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by Suzanne Révy, Associate Editor
“It is a happy talent to know how to play.” ~Ralph Waldo Emerson (1803-1882)
Absorbed in the mud and muck of a river or collecting sticks, stones and leaves in the creation of mythic and imaginative narratives is the important work of children. Children are intuitively artists and scientists, inquisitive and analytical. Play comes naturally to the young, and as we grow, our ability to immerse ourselves in creative exploration and fanciful fictions fades for many adults. Jennifer Shaw, however, displays a sensitive and curious nature in her photographs of her family and children in her series, The Space Between currently on view in the Griffin Museum of Photography’s Atelier Gallery through October 5, 2018.
Shaw’s beguiling images were made using a Diana camera with black and white film. Known for using the Holga in earlier work, Shaw opted for the Diana because the lens is not as wide, and the optics render a softer look to the pictures than the Holga. It allowed for a closer look and a dreamier mood of the childhood antics and outdoor play she observed of her children and family during summer visits to a river camp near their home in New Orleans.
There is a strange tension in many of these images, they are, after all, simple views of children at play, and yet they become a complex web of meanings as the viewer is immersed in Shaw’s world. “Back Door” for instance, looks like a child’s plaintive plea for a snack based on the gesture and shadow of the hand, but the face and body are obscured. Is it her son or daughter? Are they hurt? Is something else wrong? I reach into my own well of fears as both a child and a parent.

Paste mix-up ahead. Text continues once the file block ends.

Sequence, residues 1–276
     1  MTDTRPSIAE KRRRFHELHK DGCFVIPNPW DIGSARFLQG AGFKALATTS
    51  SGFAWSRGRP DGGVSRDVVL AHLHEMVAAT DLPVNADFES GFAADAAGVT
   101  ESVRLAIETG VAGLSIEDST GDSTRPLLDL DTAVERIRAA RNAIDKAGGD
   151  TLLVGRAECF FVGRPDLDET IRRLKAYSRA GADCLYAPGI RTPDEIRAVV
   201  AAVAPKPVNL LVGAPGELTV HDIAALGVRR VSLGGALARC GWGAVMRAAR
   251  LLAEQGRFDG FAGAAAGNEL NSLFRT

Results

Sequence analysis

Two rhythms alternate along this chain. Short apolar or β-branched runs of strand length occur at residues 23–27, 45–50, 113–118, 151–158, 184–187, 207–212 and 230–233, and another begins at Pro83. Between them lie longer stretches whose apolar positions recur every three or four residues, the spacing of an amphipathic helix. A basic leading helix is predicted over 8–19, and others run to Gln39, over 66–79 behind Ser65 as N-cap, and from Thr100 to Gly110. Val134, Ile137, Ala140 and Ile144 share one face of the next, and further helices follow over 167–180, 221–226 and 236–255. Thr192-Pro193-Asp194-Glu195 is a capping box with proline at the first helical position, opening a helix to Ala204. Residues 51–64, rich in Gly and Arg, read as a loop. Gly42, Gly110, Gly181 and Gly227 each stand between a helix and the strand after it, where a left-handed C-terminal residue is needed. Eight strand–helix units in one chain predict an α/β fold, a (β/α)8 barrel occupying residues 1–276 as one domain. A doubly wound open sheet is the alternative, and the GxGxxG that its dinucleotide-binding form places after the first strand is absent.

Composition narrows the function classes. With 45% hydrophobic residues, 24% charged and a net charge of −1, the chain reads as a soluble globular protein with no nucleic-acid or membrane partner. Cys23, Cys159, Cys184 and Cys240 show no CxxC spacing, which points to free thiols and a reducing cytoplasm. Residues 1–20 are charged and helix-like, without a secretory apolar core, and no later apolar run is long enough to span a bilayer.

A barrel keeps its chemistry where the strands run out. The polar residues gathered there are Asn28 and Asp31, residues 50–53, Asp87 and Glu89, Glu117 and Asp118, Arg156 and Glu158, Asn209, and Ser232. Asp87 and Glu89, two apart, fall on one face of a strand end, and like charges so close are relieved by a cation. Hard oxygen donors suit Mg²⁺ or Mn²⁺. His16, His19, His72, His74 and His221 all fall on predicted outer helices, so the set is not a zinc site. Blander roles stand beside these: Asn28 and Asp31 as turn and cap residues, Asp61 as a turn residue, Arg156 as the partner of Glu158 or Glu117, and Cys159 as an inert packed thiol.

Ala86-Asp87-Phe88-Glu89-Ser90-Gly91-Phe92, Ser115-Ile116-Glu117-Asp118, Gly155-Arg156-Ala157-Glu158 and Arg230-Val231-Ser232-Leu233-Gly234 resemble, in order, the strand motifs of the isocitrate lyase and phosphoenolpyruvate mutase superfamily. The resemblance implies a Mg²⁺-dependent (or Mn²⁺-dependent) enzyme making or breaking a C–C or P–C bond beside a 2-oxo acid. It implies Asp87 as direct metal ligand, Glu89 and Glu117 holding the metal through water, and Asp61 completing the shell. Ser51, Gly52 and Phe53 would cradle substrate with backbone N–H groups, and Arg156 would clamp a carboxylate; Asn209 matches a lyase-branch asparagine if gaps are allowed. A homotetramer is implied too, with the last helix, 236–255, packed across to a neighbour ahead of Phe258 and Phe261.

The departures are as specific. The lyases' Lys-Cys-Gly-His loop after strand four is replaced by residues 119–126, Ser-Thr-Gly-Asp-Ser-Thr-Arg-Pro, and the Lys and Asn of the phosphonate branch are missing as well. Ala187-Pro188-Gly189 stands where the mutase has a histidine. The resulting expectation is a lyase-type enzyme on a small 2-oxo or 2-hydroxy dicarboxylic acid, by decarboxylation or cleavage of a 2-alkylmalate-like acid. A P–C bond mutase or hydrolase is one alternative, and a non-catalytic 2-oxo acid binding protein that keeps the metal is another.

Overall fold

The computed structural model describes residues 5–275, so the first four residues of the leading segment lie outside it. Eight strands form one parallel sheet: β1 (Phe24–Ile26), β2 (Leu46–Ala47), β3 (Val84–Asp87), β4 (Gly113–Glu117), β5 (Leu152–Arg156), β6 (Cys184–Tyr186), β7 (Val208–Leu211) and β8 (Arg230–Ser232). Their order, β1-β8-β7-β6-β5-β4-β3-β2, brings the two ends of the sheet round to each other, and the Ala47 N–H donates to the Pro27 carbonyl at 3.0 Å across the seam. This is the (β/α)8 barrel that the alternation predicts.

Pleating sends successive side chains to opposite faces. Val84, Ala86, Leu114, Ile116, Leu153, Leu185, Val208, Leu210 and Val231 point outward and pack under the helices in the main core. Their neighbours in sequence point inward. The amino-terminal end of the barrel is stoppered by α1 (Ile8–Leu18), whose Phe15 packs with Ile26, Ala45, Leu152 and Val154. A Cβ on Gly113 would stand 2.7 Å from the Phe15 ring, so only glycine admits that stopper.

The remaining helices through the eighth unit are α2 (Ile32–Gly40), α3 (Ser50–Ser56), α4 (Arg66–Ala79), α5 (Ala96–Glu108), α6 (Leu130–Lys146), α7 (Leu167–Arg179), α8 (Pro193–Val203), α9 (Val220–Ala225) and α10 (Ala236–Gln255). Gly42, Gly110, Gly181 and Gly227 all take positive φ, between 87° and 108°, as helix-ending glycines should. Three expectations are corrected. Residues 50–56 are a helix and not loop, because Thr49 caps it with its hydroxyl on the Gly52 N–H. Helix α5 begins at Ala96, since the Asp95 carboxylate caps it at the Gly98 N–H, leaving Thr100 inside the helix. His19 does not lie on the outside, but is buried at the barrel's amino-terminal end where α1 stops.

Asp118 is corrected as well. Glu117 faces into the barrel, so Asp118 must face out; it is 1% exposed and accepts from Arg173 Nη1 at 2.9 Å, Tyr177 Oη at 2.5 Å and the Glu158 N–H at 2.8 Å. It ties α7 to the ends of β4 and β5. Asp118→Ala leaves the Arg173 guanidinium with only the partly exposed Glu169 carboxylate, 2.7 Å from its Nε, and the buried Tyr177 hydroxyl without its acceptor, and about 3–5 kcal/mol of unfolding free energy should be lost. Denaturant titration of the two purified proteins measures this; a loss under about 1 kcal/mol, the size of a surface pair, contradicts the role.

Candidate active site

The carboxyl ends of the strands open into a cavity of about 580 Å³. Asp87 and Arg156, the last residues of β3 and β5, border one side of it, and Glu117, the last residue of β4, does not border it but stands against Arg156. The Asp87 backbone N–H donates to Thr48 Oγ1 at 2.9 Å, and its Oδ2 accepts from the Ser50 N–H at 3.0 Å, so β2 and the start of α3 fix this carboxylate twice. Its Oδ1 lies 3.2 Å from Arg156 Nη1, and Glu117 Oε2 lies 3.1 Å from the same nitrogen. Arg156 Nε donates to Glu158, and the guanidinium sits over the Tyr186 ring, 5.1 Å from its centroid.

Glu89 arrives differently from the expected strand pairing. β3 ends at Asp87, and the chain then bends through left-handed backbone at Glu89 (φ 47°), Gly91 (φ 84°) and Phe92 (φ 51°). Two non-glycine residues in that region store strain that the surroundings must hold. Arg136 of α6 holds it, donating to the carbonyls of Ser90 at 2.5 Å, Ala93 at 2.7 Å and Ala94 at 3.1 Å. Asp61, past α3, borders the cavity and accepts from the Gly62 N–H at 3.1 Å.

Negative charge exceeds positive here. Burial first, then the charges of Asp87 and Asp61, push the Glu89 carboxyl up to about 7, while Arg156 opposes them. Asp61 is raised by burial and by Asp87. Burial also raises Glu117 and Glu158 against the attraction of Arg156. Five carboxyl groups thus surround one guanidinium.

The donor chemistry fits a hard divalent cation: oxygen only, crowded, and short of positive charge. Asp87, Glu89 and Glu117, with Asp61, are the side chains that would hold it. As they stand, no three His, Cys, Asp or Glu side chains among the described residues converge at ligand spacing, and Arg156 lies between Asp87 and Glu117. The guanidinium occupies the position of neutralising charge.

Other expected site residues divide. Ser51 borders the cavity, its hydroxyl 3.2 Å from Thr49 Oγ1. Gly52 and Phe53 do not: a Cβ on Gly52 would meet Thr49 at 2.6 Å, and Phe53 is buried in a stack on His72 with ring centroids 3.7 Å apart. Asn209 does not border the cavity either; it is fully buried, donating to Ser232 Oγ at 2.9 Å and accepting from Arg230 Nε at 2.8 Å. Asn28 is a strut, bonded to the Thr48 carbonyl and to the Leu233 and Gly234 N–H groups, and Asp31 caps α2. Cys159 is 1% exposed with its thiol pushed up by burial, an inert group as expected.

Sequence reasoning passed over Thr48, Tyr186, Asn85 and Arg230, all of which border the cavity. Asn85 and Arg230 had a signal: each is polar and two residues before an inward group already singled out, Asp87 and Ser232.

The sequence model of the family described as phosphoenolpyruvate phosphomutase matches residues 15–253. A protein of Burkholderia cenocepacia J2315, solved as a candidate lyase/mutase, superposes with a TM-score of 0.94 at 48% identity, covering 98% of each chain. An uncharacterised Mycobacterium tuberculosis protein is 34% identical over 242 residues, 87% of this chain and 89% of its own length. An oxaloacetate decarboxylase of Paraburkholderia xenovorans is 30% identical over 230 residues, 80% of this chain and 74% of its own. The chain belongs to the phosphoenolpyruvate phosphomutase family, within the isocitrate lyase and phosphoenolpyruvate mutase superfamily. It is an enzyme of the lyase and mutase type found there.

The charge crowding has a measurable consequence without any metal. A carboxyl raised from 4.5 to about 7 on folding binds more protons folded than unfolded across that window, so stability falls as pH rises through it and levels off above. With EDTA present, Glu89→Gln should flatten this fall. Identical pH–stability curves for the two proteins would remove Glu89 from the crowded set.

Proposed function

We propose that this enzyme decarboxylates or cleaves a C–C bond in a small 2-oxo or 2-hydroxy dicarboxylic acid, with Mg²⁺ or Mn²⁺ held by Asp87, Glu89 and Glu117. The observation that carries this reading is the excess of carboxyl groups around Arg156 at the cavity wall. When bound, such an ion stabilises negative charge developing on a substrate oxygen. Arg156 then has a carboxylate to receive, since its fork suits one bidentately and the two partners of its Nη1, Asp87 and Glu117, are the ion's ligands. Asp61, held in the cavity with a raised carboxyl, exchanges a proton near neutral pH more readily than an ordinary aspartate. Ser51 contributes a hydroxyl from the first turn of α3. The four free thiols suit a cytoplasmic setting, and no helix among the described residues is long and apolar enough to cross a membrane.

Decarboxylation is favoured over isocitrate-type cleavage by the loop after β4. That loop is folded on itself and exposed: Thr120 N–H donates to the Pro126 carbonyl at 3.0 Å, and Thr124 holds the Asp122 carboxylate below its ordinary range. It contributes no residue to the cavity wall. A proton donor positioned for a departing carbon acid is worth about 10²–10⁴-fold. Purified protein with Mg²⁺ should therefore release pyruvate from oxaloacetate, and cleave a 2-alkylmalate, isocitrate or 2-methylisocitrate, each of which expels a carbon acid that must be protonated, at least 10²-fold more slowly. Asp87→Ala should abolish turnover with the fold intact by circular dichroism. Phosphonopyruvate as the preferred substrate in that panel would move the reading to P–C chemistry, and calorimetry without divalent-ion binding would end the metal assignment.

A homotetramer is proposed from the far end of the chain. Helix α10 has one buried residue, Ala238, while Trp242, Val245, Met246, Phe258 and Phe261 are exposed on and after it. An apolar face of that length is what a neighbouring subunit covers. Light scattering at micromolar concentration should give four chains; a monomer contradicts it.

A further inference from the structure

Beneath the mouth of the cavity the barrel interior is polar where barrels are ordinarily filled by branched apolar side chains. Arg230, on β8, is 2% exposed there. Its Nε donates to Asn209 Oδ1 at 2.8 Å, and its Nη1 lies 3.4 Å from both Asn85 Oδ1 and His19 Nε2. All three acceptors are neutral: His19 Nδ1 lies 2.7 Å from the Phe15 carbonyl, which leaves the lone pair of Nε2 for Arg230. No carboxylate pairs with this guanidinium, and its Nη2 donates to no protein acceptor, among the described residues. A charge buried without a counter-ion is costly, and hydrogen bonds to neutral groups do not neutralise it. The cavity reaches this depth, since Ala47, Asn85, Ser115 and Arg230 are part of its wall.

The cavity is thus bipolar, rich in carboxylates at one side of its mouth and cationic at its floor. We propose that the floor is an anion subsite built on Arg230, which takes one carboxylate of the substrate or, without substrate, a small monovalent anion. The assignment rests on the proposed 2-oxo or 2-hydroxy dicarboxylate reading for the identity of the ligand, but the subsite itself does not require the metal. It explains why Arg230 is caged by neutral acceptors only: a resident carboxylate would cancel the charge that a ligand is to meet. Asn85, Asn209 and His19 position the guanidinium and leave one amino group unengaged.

“Battlefield” manages to recall Alexander Gardner’s Civil War images of the 19th century, but the sidelong glance and languid gestures of young children lying on the lush lawn recall the freedom of discovering and learning outside the classroom. For a parent, of course, it brings to mind the harrowing sense that someday, your child may go off to a war. Shaw writes, “The images are juxtaposed to create an introspective narrative, mining the richly ambiguous state of parenthood, akin to the murky realm between the river’s glittering surface and its hidden undercurrents.”
In addition to the fears that may arise from her images, Shaw brings both humor and reverence to her work. The childlike attraction to stickers is wittily demonstrated in an image of a her son; he has playfully covered his chest and belly with them in “Stickers.” Another image reveals a quiet moment of solitude between an older boy and a younger girl in “Kaitlyn and Cade in Gravel,” and speaks to their guileless pleasure of the gravel’s texture but also, through a Christ-like gesture, to Shaw’s veneration for, “the exquisite little creatures known as children.”
Also on view through October 5, 2018 at the Griffin Museum of Photography is the group show Photography Atelier 28 in the Main Gallery, and The Infinite Internal by the John Chervinsky Scholarship winner Rachel Fein-Smolinski in the Griffin Gallery. For more information, go to: https://griffinmuseum.org/exhibitions/